Herr Willi Brandt, Chancellor of the German Federal Republic, commented in an interview released today (Monday) on the serious consequences for Europe if Britain's negotiations to join the Common Market ended in failure.
CU Brandt interviewed (SOUND)
TRANSCRIPT: (SEQ. 2): BRANDT: "The word pressure can lead to misunderstandings. We are not in a position where we can use pressure. We have to convince our partners, we have to find a common position together with the partners in the existing E.E.C. and with Great Britain, and others who are prepared to join the community. But there should be no doubt that we have made our position very clear vis-a-vis our French neighbours in France. We will be going on to do so. There is no doubt, I mean, apart from all the important practical questions, that a failure of the negotiations of British entry will lead to a very serious situating for the existing E.E.C., the political situation in western Europe. There is no doubt that our French partners understand this--in any case we will make it very clear."
INTERVIEWER: "in view of Britain's many economic problems, why do you think Britain would be an asset to the Common Market?"
BRANDT: "If I may, I would point to the experience we have made since '57-58, after the Rome treaty had been signed. And if we compare the French economy today with what it was at that time, or the economic development of Italy, (not so strongly of course, I point especially to France), there is no doubt that France's participation in the Common Market has been of great importance to strengthen the French economy, and also it has been good for the community as a whole. I think this has been a interesting experience."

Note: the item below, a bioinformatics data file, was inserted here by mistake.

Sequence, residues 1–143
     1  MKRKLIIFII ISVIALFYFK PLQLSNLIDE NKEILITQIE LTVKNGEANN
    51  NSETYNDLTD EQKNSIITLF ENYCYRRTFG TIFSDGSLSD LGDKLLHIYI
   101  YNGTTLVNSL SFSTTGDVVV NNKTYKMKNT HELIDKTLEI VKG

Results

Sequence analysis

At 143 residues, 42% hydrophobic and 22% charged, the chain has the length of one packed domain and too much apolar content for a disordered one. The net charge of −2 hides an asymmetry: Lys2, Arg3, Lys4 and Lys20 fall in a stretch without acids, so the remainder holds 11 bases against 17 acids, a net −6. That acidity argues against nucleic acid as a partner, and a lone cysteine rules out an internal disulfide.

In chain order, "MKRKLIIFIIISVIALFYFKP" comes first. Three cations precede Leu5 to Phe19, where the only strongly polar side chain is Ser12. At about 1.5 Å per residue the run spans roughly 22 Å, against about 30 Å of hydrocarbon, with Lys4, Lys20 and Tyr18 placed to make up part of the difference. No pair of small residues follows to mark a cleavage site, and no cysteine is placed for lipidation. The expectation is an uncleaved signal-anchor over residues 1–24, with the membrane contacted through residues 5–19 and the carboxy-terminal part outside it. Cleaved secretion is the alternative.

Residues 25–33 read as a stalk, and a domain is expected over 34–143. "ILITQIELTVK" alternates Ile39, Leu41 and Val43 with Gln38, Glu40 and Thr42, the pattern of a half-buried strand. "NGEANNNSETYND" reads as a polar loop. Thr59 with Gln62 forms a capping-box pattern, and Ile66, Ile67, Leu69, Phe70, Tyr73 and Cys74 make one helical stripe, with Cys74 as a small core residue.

Initials BB/0112 GL/DW/BB/0124
Script is copyright Reuters Limited. All rights reserved
Background: Herr Willi Brandt, Chancellor of the German Federal Republic, commented in an interview released today (Monday) on the serious consequences for Europe if Britain's negotiations to join the Common Market ended in failure.
The interview, recorded at the weekend, was released to coincide with the start in Bonn of two days of talks between Herr Brandt and the British Prime Minister, Mr. Edward Heath. The talks are concerned with British entry and allied matters, and with relations between West Germany and the countries of Eastern Europe.
Herr Brandt was asked: "What can you do to get Britain in. Are you prepared to put pressure on the French Government?".